When I woke up in the morning all the adults were grouchy and breaking camp. Tonia, Sean, and I rode home in the back of the truck, like usual. We were exhausted from the strange weekend and just laid on the bed instead of playing and singing. We got home and took our baths to clean up after a weekend of roughing it, and went to our rooms until Joyce called us down to dinner. Larry went to work at the movie theater. It was still summer, the sun going down late. Joyce asked us kids about the weekend and we were all talking at once, telling her about people stealing our camping spot and the weird place we ended up, and the miserable saturday in the sun drinking too much pop. We told her about not getting to roast marshmallows because the adults were too noisy around the fire and how hot it was in the camper, especially with Amanda and Bubba and Shana in there. And I told her about Lynne spending the night.
“Well of course Lynne spent the night–that’s what camping is all about, right?”
“No, she slept in the camper with all us kids, silly.”
“Yeah? And where’d your daddy sleep?”
“In the camper, on the top bunk.”
“Oh, he climbed up and slept with you kids? Bet that was crowded.”
“No, we slept on the bottom because Tonia and Sean fell asleep there while waiting for Amanda, Bubba, and Shana to go to sleep.”
“So Lynne and all three kids slept on the table bunk?”
“No, no. There wasn’t room for her there. She slept in the top bunk with Larry, like when we have a slumber party with our friends.”
Later that night when Larry got home, Joyce and Larry woke me up screaming at each other. He kept asking her if she thought he was dumb enough to do anything with all six kids right there in that tiny camper. And she kept telling him, well WE have. And I just couldn’t figure out what the big deal was. After all, the Monsters had slumber parties all the time: me, Tonia, and Sean; Nancy, Babbette, and Stu; and Steve and Tom. And all we did was eat popcorn, watch TV until the stations shut down, and then tell ghost stories until everyone fell asleep. I fell back asleep, more sure than ever that adults were grouchy and insane.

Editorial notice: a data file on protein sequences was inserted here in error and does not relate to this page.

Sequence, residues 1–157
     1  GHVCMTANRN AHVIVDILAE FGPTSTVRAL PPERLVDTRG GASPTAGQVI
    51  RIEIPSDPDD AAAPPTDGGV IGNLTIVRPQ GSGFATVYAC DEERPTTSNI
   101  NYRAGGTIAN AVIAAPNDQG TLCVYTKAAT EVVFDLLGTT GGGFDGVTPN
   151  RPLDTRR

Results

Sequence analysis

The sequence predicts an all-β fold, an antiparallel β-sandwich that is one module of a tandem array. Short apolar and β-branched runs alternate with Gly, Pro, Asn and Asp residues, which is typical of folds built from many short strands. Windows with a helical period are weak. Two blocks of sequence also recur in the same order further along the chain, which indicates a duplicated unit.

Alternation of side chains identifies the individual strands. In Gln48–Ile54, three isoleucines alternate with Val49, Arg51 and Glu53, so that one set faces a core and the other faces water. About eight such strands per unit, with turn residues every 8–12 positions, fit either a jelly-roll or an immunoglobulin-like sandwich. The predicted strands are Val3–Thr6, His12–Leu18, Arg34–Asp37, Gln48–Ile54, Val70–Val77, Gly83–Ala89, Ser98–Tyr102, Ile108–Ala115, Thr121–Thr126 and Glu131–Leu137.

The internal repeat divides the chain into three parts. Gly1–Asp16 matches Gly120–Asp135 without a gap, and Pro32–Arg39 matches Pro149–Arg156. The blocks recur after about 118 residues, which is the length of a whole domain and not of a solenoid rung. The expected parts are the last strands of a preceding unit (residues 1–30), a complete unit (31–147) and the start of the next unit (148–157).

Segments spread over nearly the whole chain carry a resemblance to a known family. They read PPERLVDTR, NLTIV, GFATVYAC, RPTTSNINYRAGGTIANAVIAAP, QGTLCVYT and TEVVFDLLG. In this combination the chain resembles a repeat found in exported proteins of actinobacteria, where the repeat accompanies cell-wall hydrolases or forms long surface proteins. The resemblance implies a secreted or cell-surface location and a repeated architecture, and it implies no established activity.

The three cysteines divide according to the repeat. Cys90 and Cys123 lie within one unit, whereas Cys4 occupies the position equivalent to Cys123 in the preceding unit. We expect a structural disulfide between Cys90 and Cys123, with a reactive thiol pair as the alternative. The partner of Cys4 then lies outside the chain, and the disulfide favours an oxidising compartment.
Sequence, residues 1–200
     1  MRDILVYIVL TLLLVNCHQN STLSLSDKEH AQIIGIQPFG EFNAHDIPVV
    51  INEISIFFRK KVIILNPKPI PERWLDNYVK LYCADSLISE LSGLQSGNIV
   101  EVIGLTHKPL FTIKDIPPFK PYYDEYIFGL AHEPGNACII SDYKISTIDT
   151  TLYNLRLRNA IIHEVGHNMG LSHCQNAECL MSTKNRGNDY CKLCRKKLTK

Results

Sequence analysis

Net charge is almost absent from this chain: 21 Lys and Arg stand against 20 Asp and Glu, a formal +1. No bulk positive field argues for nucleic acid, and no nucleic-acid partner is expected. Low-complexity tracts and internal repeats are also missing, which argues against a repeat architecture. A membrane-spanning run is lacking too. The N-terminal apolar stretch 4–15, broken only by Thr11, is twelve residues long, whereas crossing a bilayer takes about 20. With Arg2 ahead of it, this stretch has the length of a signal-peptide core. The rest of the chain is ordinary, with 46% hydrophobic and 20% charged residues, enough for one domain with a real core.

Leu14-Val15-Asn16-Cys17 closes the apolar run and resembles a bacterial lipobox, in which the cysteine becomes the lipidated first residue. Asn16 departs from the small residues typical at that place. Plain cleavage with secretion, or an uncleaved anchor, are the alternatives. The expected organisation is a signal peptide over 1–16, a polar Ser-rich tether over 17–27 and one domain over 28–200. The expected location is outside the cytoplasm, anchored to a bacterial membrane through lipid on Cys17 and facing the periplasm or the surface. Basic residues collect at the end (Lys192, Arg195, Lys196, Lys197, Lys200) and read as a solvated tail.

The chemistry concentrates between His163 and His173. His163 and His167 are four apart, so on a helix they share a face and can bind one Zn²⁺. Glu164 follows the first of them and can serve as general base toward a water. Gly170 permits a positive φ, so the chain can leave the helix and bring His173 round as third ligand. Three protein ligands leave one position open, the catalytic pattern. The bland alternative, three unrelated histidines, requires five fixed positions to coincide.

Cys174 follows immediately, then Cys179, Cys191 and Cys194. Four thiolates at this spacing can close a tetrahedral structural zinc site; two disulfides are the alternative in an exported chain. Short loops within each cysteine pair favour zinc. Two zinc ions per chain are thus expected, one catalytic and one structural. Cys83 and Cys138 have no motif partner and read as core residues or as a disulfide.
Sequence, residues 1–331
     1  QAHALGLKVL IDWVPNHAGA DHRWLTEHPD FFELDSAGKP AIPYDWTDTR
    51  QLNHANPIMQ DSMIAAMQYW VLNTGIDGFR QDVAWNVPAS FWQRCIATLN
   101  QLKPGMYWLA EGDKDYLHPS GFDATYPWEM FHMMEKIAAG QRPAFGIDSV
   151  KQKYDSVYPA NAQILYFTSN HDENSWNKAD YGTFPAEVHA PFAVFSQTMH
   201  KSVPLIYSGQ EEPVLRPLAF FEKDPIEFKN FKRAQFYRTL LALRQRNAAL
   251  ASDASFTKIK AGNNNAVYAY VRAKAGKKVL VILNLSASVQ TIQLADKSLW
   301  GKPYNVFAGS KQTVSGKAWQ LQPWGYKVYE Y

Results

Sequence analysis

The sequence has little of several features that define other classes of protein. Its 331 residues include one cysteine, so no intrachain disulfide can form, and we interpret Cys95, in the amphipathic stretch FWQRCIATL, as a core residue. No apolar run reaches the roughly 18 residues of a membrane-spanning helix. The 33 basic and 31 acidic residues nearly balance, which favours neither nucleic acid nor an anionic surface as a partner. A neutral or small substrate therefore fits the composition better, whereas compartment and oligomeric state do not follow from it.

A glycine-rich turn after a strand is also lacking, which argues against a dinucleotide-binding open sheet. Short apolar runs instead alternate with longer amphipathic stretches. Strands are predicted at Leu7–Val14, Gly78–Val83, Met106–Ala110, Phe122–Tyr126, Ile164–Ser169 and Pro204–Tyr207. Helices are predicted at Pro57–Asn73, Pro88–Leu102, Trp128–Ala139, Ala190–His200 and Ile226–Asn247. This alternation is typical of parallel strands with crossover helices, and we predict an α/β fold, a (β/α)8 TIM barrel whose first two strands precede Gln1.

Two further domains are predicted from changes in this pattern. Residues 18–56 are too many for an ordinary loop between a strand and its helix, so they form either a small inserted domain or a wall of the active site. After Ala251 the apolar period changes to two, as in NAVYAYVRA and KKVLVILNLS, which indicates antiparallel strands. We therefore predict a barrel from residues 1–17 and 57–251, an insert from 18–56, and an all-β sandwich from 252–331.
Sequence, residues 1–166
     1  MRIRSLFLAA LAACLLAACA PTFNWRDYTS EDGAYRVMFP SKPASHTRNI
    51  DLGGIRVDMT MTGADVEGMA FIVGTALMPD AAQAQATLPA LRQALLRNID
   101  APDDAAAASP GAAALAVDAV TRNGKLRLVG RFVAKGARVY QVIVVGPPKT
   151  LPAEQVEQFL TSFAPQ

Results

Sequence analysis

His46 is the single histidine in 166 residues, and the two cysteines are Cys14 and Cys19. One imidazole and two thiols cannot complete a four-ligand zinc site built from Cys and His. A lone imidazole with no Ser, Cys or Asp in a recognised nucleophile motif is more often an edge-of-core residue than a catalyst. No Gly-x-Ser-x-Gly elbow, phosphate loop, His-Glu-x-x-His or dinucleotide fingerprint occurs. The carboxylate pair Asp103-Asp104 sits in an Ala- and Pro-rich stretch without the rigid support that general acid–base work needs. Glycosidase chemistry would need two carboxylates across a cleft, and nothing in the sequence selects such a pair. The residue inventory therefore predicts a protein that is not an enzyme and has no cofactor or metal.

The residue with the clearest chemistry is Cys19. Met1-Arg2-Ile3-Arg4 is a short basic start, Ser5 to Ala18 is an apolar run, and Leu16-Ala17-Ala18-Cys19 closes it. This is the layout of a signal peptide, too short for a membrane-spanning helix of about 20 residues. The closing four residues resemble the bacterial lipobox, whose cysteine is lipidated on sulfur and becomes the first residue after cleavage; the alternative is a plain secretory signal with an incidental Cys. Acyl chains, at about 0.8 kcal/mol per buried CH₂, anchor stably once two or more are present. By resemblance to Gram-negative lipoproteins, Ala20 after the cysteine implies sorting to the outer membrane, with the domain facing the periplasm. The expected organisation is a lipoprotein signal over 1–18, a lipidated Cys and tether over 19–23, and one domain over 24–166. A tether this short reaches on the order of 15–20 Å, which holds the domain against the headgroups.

And so life continued on. Except I really don’t remember going camping again, or anymore squadron parties in the basement. And one morning after school started I came downstairs to get breakfast and caught Joyce on the phone in the living room, saying “I love you.” Then she saw me and said she had to go. She followed me into the kitchen to tell me she’d been talking to Grandma Nita, which struck me as odd for 2 reasons. One, I’d figured she was talking to Larry and was too sleepy to care or ask, and two, I had never heard her speak to her mother with that kind of softness or affection. So I just said, “OK.” And then she told me she didn’t have to marry Larry. Confused and sensing danger, I stayed silent. She said she knew I’d counted months to see if she was pregnant with me before she got married, which honestly, It had never occurred to me to do until that moment.
I wonder now if she could’ve been pregnant when they married and somehow managed the lie that I was a year younger, especially since I remain confused about my actual age. I was born tiny and am still tiny. When we moved from base to base back then, the medical records were carried from hospital to hospital by the enlisted member. She could’ve changed the dates on everything. It could explain why Joyce always told me I was so mature and smart for my age. But then it would require all the grandparents and great-grandparents and aunts and uncles and cousins to go along with the lie. So no, I don’t think such a wide-spread conspiracy could’ve been pulled off, all for the sake of preserving some spoiled backwoods teenager’s reputation. Maybe she had been pregnant and lost the baby? Maybe she was just trying to make me forget the soft “I Love you” I’d just heard? Maybe she was just trying to figure out why she married my cheating father.